Dr. Michael Sperling: I am not a huge fan of pairing medicines. I do it more than I should, as do many doctors. But in the best of all possible worlds, you would be on only one drug because then you have less side effects. If you’re going to pair it, however, drugs that work via a similar mechanism are probably not ideal because you’re more likely to get side effects. If you take a drug that’s a sodium channel blocker already, and then a new drug is added, which also blocks sodium channels, you’re more likely to have side effects. So you have to discuss with your doctors what’s suitable for what you have. But drugs like lacosamide (brand name Vimpat), carbamazepine, which is Tegretol but basically Trileptal, and some others, like lamotrigine also (Lamictal brand name) are sodium channel blockers.

When you add cenobamate you’re more likely to get side effects. You can pair it but I routinely have people start lowering their other drugs somewhat–usually by 50 or 100 milligrams a day, depending on how much they’re taking when they’re starting–to try to block side effects. I tell them that if you start seeing side effects, you can start lowering it sooner. Drugs with a different mechanism of action–so levetiracetam (which is Keppra), brivaracetam (which is Briviact), perampanel (which is Fycompa)–they’re probably going to be a bit less likely. There haven’t been great studies on that. Some analyses have been done looking at side effects and there have been some formal studies, but that’s a general rule that one can follow. The details of the studies are almost irrelevant in some sense, because it’s the dose that you’re on that makes a difference more than anything.

You’ve mentioned felbamate and that this is possibly viewed as a newer version of felbamate, but how does the effectiveness of cenobamate compare to felbamate?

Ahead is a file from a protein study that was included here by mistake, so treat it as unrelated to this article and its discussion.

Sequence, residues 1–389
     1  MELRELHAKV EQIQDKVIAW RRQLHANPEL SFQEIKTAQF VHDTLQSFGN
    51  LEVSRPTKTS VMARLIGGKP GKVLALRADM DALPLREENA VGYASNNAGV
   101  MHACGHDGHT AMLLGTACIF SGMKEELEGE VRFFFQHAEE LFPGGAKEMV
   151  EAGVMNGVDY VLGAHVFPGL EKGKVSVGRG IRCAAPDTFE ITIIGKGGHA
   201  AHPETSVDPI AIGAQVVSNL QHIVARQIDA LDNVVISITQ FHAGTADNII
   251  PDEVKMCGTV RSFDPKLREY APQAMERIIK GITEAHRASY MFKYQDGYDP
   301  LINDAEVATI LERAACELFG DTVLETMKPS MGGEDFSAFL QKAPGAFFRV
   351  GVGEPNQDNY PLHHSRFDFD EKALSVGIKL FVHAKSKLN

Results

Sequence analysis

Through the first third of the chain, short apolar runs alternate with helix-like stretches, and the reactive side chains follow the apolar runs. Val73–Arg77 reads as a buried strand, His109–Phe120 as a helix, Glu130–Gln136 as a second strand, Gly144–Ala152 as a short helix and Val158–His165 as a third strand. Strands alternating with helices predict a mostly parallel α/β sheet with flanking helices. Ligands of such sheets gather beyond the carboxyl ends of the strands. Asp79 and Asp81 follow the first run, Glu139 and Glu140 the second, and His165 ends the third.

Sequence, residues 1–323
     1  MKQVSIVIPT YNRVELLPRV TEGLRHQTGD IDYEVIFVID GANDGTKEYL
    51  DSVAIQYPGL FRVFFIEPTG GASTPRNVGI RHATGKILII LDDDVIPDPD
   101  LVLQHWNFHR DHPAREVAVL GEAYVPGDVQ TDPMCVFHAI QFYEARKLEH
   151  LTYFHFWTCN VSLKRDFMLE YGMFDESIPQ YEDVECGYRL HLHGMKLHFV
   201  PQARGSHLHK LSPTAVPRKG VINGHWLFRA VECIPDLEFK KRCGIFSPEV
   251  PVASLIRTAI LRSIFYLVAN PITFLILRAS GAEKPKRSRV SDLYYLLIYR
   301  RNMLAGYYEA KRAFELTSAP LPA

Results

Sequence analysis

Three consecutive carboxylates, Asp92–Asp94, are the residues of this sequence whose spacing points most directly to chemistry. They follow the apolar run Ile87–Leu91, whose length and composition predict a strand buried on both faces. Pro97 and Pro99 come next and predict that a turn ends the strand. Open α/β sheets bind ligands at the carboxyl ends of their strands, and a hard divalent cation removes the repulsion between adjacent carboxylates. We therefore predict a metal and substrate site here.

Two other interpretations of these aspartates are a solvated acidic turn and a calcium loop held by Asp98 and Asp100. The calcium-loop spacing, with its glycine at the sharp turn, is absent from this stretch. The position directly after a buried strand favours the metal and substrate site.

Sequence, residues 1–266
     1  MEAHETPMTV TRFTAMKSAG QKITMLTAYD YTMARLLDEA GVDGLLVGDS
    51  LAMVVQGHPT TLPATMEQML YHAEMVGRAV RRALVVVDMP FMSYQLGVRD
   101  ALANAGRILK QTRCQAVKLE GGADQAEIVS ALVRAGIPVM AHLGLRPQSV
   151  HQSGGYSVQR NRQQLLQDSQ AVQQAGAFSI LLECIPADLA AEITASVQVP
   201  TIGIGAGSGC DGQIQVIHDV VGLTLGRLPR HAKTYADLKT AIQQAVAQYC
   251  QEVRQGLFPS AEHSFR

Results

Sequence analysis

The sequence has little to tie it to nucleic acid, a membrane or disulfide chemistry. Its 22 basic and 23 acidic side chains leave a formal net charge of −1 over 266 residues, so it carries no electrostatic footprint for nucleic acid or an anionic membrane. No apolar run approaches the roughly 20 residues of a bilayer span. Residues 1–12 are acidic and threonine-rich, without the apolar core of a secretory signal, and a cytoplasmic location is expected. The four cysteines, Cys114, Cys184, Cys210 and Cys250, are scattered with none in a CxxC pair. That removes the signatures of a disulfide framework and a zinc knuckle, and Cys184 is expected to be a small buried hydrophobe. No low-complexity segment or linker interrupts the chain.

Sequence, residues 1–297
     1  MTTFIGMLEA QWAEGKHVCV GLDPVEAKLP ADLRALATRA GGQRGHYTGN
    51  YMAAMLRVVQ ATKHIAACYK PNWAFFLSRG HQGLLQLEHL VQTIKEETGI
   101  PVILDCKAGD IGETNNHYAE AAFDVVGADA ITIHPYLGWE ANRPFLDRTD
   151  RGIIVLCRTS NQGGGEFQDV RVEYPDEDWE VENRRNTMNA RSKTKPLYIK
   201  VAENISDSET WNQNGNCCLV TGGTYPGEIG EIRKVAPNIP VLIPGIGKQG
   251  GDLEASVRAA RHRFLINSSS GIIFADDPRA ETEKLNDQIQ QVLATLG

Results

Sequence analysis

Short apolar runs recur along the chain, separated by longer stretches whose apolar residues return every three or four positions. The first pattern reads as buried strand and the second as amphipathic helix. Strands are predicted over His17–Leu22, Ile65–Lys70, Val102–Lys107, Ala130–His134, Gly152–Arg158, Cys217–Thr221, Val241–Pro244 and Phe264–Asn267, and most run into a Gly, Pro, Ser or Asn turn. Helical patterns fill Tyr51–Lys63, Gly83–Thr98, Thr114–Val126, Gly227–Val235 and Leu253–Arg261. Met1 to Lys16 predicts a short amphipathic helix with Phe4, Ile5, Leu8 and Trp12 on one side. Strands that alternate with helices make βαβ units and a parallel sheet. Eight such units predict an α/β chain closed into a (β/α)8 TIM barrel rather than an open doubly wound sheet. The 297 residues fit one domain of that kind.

Dr. Michael Sperling: Felbamate was studied in Lennox-Gastaut syndrome. There aren’t formal studies in focal epilepsy so we can’t really compare it quite as well. Now, many people, myself included, used it in focal epilepsy somewhat, but then felbamate was discovered to cause potentially fatal liver reactions and bone marrow reactions where people became profoundly anemic within a year of its appearance. So people use it very infrequently these days and mostly it’s used in Lennox-Gastaut. So we don’t have a good idea. We all thought that felbamate was a strikingly effective agent, however.

You mentioned the issues with felbamate and liver toxicity. There is no worry about cenobamate in liver toxicity in this case?

Dr. Michael Sperling: You can do the numbers: 930 plus 1,339. We have over 2,200 people and there’s been no significant abnormalities of liver reported with this. Does that mean that a less rare or less common reaction might not happen? It’s possible. So, felbamate in the trials looked, say, for liver abnormalities also. It wasn’t until it started being prescribed that liver problems resulted.